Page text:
The Internet of Things, according to Wikipedia, allows objects to be sensed and/or controlled remotely across existing network infrastructure, creating opportunities for more direct integration of the physical world into computer-based systems, and resulting in improved efficiency, accuracy and economic benefit. The vision of the Internet of Things has evolved due to a convergence of multiple technologies, including ubiquitous wireless communication, real-time analytics, machine learning, commodity sensors, and embedded systems.
By 2020, there will be 50 billion devices connected to the Internet. How will you and your organization capitalize on this opportunity?
source: McKinsey Global Institute
For the Internet of Things to progress in any of these “9 settings” shown in the diagram, companies need to keep in mind one very important reality: this progress will only result if the new IoT solutions help customers get a job done better and/or more cheaply. This is the essence of innovation.
From what I have seen to date, companies have taken a more traditional ideas-first approach to getting started in the IoT arena. But as we have learned over the years, developing numerous ideas without a deep understanding of the jobs-to-be-done framework just makes the business challenge that much more challenging. It’s much better to start with a clear understanding of the need you’re trying to solve. To this end, the success of those initiatives will be far more likely and far more profitable if the companies pursuing them start with a deep understanding of the jobs the target customers are trying to get done.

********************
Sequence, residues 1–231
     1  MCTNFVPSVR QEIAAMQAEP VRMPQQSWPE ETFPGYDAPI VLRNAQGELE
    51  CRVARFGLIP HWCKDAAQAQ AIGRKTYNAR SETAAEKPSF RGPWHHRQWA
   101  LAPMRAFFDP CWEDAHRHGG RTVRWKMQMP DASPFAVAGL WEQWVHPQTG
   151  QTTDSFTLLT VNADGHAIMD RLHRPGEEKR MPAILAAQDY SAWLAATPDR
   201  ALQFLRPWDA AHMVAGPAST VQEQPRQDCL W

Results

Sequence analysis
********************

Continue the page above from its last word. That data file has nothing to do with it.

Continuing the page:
Companies should begin by uncovering all the jobs that customers are trying to get done in each of the “9 settings.” In work that we have done in Smart Farming, for example, one job we studied was the job of “growing a crop.” Following our Outcome-Driven Innovation process, we deconstructed the job into its process steps and learned from growers precisely what metrics they use to measure success and value when getting the job done. These metrics (which are specially constructed need statements we call desired outcomes) are the metrics that growers use to measure how well products help them get the job done. With insight into how customers measure value, creating it becomes measurable and predictable.
We learned that many of the underserved outcomes associated with this job could be addressed through IoT applications. Knowing precisely what outcomes are underserved provides developers and engineers the target they need to apply IoT technology to problems that matter most.
This approach has two other key advantages:
First, the underlying job-to-be-done doesn’t change over time. It’s the delivery vehicle or the technology that changes. This means that the job provides a long-term focal point around which to create value, setting the direction and strategy for a company for years to come.
Second, a job has no geographical boundaries. People who live in the USA, France, UK, Germany, South Korea, China, Russia, Brazil and Australia are trying to get the same jobs done. Consequently, knowledge of the jobs-to-be-done framework can be leveraged globally.
To accelerate the progress of IoT, businesses should consider focusing first on the job-to-be-done. The process we’ve created to make this possible is called Outcome-Driven Innovation (ODI). Over 25 years of use, we’ve proven that ODI brings predictability to innovation, and will do the same for IoT.
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